Coroner's office misidentified victim in Humboldt hockey bus crash news services
April 10, 2018, 6:04 PM

The Saskatchewan Ministry of Justice announced Monday that the province's coroner's office misidentified one of the 15 people killed last week in the highway crash involving a junior hockey team bus.

The ministry announced that Parker Tobin, 18, has died and that Xavier Labelle, who previously had been identified as among the deceased, is alive.

The coroner's office apologized for "the misidentification and any confusion created by it."?The ministry did not say how the error occurred.

"Our condolences go out to the family of Parker Tobin," the ministry's statement said. "Unfortunately, Parker is one of the 15 that have lost their lives in this terrible tragedy. Parker had been misidentified and was previously believed to have survived."

Both Tobin and Labelle were members of the Humboldt Broncos team. The deceased also include coach Darcy Haugan, bus driver Glen Doerksen and nine other players.

The Broncos were en route to a playoff game Friday when a truck carrying peat moss collided with their bus. The players were between the ages of 16 and 21.

Fourteen people were injured in the crash. As of Monday afternoon, 12 remained in the hospital, according to the Saskatchewan Health Authority;?four patients are in critical condition, four patients are in serious condition, and four patients are in stable condition.

The coroner's office also extended "its deepest sympathies to the families and friends of those who lost their lives as well as those who were involved in the collision."

Over the weekend, Tobin's family had tweeted that Parker was alive.?Humboldt Mayor Rob Muench called it "an unfortunate mistake."

"It's hard to comprehend that," he said.

Broncos club president Kevin Garinger said he was contacted by the Royal Canadian Mounted Police early Monday about it and said the error makes a difficult situation more challenging.

"At this point, I just want to reach out and support the families," Garinger said. "It's not about understanding anything."

Labelle's father, Paul Labelle, told the Saskatoon Star Phoenix on Saturday that he arrived at the scene of the crash along with his wife and daughter.

Paul Labelle, an emergency room physician, told the StarPhoenix that after initially trying to assist police at the scene, he and his family continued on their trip to Nipawin, where the Broncos were scheduled to play their playoff game later Friday night.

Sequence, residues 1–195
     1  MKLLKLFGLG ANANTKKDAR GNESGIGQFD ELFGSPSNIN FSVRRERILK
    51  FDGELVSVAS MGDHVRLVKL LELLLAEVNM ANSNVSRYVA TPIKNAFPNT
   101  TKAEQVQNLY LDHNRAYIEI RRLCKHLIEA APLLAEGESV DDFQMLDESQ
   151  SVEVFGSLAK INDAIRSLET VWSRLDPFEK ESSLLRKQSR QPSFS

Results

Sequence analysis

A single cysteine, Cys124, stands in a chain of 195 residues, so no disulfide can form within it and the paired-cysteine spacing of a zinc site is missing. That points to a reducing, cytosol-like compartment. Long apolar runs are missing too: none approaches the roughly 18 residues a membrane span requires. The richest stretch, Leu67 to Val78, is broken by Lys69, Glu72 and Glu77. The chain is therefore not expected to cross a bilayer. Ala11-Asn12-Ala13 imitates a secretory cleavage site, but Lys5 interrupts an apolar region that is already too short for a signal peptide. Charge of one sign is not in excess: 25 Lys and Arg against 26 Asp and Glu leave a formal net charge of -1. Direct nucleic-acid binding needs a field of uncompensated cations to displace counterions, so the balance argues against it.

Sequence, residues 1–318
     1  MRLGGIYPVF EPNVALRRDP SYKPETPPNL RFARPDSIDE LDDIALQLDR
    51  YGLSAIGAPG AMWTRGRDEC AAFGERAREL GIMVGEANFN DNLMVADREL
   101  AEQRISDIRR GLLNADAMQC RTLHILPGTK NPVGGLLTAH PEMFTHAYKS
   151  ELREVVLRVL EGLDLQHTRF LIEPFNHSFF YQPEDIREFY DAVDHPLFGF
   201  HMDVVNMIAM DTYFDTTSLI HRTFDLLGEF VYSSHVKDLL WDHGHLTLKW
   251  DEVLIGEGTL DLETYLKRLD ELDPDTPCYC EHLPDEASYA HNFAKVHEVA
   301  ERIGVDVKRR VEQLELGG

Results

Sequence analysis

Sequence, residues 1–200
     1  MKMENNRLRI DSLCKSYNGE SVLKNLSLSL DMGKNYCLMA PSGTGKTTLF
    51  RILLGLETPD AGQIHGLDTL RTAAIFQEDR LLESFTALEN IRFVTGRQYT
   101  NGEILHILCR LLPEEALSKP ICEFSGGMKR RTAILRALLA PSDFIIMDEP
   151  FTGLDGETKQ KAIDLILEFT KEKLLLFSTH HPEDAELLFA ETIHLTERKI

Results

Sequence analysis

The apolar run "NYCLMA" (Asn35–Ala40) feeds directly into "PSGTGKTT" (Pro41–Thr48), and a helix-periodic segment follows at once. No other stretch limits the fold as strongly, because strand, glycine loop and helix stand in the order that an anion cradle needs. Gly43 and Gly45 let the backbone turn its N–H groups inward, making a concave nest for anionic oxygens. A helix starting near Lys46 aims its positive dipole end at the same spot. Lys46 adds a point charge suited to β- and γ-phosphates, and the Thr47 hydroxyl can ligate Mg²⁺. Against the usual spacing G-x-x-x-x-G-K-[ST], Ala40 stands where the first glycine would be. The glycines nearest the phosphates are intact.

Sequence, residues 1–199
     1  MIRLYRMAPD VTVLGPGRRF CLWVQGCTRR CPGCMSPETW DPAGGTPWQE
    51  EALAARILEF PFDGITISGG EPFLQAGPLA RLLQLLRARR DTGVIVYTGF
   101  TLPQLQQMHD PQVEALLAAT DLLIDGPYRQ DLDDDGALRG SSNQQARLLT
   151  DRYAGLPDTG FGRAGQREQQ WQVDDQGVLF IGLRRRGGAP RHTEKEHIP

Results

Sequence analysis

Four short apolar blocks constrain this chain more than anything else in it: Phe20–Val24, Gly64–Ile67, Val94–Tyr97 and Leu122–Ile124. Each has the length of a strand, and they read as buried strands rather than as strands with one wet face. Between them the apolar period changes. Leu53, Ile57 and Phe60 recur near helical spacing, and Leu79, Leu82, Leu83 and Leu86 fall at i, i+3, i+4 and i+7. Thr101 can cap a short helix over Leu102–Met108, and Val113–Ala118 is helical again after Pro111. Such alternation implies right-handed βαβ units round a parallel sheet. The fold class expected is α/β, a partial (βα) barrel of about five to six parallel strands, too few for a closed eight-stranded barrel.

The Labelle family told the paper that they eventually were informed that Xavier, 18, had died in the crash. Paul said Saturday that the family was "numb right now," while his wife, Tanya, told the paper that they were "devastated."

Monday's news came one day after the Humboldt community mourned the deceased during a vigil at the Broncos' home arena. Garinger choked back tears as he read out the names of the 15 dead. People embraced each other, crying. Tissue boxes were passed down rows. Flowers ringed the team logo at center ice. Pictures of the dead and injured were placed in front of the audience.

Team captain Logan Schatz, forwards Jaxon Joseph, Evan Thomas, Jacob Leicht, Logan Hunter and Conner Lukan, and defensemen Stephen Wack, Adam Herold and Logan Boulet were also among the dead, according to family members and others. Assistant coach Mark Cross, radio announcer Tyler Bieber and stats keeper Brody Hinz, who was 18, were also killed.

Nick Shumlanski, an injured player who was released from the hospital, attended the vigil wearing his white, green and yellow team jersey, with a bruise under his left eye.

On Sunday, those in the hospital received visits from Canada Prime Minister Justin Trudeau, Calgary Flames coach Glen Gulutzan, Edmonton Oilers coach Todd McClellan and former NHL player Sheldon Kennedy, who was a survivor of the 1986 bus crash involving the Swift Current Broncos junior hockey team.

Speaking to reporters in Humboldt on Monday about the visit, Kennedy choked up.

"To be able to have some conversations with some of those young people and their families and to be able to have a couple laughs and to be able to look in their eyes and tell 'em, you know, it's good to see a smile," Kennedy said. "To me, that stuff is important."

ESPN's Emily Kaplan and The Associated Press contributed to this report.

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